Richard Branson is an entrepreneur. You are most definitely not.
Strike while the iron’s hot
In the first few weeks you will be overwhelmed with limitless enthusiasm. Use and abuse it.
You’ll get a perverse amount of work done in the early stages, you’ll have the energy to work late and start early but recognise when this begins to fade and change your routine to suit.
Take more breaks, work less hours. Ask yourself “how much do I want to go to the office today” and when the answer gets below 9/10 take a step back, or mix things up and work on something completely different on your to-do list.
It’s addictive. Get comfortable trying new things, whether it be a new marketing campaign, new price point or a new language or framework. Every month try and learn something new which helps your business grow or reduces cost. Here are some ideas:
• Do some tutorials online and learn how to code an email marketing template, you’ve just saved yourself £100 in outsourcing costs
• Complete your tax return, you’ve just saved on accounting fees
• Learn about version control and help your Techie with small fixes to the website
Or for the Techies:
• Try something creative (like writing a blog post…hello!)
• Go to a networking event while trying not to think about what you’re missing on Reddit
• Try your hand at design or managing a customer account
You’re building your business, but you’re also building YOU as a business person.
You’re already an obsessive person. Go on, admit it.
It actually helps to be so, but think of it as a problem that needs to be managed carefully. An obsessive founder can quickly become immersed in their project and end up somewhat blinkered. Clarity of thought begins to disappear faster than Michael Barrymore after a pool party. You listen to other peoples opinion less and less.
Obsessing makes you check your email in the cinema. It makes you login to PayPal under the table at lunch. It makes you think about tomorrows big feature release while you’re on a date.
Switch off! What’s the worst that could happen between 18:00 and 08:00?
Don’t abuse the internet
Enjoy the internet by all means, but when you work online most of the day it can become compulsive. Refreshing Hacker News or Imgur every 10 minutes, or having Facebook open all day long isn’t going to land that next big customer.
The internet is fun, but so is crack cocaine. And we all know how that ends. Even go as far as blocking certain sites through your router if you just can’t handle the distraction.
The same goes for email. Do you sit with your email client open ALL day? Stop. Shut Outlook down, and do some work. Nothing is going to land in your inbox in the next 3 hours that requires your immediate attention. If it is that urgent, someone will phone.
Bad PR is better than being squeaky clean
Unless you’re a major label, nobody cares about you. Not even a little bit. Hurts doesn’t it?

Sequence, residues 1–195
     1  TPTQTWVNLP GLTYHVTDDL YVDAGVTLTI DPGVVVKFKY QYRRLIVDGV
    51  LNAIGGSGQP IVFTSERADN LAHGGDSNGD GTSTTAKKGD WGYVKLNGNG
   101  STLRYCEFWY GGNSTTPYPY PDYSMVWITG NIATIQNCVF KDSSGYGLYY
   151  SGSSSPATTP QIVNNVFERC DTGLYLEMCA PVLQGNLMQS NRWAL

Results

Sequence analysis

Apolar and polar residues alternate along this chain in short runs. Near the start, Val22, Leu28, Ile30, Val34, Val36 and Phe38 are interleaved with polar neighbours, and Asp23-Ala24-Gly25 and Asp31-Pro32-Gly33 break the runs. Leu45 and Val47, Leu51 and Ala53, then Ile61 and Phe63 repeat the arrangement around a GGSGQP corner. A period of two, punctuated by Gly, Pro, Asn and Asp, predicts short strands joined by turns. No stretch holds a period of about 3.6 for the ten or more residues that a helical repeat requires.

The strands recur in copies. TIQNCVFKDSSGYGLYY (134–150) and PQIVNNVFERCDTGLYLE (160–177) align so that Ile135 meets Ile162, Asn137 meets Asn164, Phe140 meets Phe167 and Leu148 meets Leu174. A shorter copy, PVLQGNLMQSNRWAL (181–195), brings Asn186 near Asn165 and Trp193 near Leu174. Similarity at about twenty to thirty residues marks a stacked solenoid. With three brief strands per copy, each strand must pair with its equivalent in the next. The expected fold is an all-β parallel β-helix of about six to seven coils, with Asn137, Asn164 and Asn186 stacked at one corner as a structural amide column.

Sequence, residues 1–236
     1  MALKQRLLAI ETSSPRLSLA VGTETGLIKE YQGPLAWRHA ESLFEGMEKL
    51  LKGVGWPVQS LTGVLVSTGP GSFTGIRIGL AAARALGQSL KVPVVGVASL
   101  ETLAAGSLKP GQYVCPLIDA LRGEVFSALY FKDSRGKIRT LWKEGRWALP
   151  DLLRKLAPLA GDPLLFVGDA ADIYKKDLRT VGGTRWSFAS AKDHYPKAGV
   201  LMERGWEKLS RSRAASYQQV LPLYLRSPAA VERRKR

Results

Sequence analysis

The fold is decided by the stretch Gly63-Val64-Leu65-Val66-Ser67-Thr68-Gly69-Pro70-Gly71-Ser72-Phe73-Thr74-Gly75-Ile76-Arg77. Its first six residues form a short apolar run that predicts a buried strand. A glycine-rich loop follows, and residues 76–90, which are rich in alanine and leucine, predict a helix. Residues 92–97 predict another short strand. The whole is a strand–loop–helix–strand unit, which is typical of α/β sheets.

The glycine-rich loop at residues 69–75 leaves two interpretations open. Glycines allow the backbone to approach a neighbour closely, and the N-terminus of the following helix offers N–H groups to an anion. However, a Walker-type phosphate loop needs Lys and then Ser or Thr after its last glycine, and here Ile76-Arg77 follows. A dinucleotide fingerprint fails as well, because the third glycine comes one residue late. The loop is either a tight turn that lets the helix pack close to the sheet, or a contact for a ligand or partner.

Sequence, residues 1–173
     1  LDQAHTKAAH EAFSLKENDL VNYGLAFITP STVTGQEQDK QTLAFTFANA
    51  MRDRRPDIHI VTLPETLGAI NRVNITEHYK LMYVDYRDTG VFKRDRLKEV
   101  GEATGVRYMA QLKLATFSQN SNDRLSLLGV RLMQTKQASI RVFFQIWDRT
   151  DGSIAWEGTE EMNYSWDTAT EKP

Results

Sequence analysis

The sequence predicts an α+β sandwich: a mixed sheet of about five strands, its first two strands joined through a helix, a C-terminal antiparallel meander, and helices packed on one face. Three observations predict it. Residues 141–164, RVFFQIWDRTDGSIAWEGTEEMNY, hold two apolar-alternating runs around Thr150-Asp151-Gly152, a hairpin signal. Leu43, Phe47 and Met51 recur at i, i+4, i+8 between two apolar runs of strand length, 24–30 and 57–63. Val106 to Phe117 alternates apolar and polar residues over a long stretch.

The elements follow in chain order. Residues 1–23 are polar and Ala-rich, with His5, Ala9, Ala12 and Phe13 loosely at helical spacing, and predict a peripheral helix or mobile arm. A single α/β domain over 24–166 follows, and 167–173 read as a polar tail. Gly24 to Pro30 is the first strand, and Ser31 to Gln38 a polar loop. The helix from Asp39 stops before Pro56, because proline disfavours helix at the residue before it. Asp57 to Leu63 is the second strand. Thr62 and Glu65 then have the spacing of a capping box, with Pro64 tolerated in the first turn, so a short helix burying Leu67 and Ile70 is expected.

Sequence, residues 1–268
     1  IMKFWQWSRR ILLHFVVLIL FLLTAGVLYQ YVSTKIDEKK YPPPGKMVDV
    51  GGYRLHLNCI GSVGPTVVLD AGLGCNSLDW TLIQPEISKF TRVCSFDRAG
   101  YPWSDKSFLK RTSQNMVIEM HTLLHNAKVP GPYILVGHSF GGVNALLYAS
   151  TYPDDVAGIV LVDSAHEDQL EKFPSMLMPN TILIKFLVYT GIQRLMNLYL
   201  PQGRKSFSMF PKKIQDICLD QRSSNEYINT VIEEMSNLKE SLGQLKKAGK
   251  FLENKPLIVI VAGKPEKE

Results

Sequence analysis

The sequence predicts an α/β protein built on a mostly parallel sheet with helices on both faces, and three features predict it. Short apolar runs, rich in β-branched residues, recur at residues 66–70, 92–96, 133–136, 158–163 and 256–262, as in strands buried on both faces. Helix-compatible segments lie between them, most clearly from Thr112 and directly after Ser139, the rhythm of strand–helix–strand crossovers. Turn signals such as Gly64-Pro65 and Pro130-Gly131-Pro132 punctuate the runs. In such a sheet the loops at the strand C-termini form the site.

So stop trying to please everyone with a faceless, neutral mush of a “brand”, you’re in business now so by default you are going to forge adversaries no matter what you do, no matter how hard you try to be “great at PR”.
You may as well put this to good use.
In our case, we saw it as any easy way to generate traffic, back-links and stir up some hype. Our product is inherently disliked by traditional,
pay-through-the-nose pay-by-the-hour copywriters who see us a not only a threat but somehow derogatory to their profession.
Who better to target for a bit of link baiting?
We emailed a few of them asking if they wanted to sign up and hey presto, several contextually relevant back-links from our furious competitor’s blogs.
Granted most of the posts were scathing attacks, some even plain lies, but aside from the envious PageRank we’ve now acquired as a result, a weird thing also happened.
It was obvious we had been purposely inflammatory, but people we’d never met seemed to find this affable and on a few occasions actually defended us! Further still, we actually acquired our first 4 big paying customers directly though a blog post attacking us.
Great PR is hard. Very hard. It’s time consuming, and we were in too much of a hurry to go down that route. So we put on out troll hats and began stirring up trouble…and it worked.
This is a risky approach, we don’t actually advise you list “start a fight” at the top of your launch to-dos. The takeaway is don’t lose sleep over bad PR and if people dislike what you’re doing, you’re doing something right!
Be honest with your opinion and share enough of your company’s culture so those who do join your following have a genuine reason to do so. They’ll be much better allies!
Sleep on it
Often an idea will seem so important it’s prioritised unnecessarily, especially after a long day fraught with other issues and problems to fix. Unless business has ground to halt (or in our case) your product is offline, sleep on it and review with a clear head.
It’s too easy to knee jerk and change something because of one screaming customer, and when you do this, you’ve possibly made your product a little bit less usable for everyone else.
Don’t be a Facebook douche
There is a big difference between intelligent marketing and begging. Don’t plead with people to “like” or “follow” your company, you come across like a needy girlfriend.
So what, you’ve got 5000 likes from all these irrelevant people when in fact only 4 of them have ever paid for your product, how does that help anything?
The only thing that matters is that your offering is as good as it can be, the likes and follows will come, and they’ll be genuine.
Because put quite simply, you don’t know who you need. If you’ve been up and running for less than a year, you have no way of knowing what position to fill. At best it’s guesswork, at worst it’s trying to run before you can walk.
For a new web startup knowing what’s going to happen next week is hard to predict, so hiring what right now might seem like the “must have” member of staff could be a
costly crippling mistake.
Once you can operate with a skeleton staff of the founders, you’ll have a much better idea of what the company’s needs are. By this stage you should also have enough capital in the bank to be able to afford not only their wage, but your own.
Remain profitable, take baby steps, grow slowly and successfully. After all, you’re not in Silicon Valley…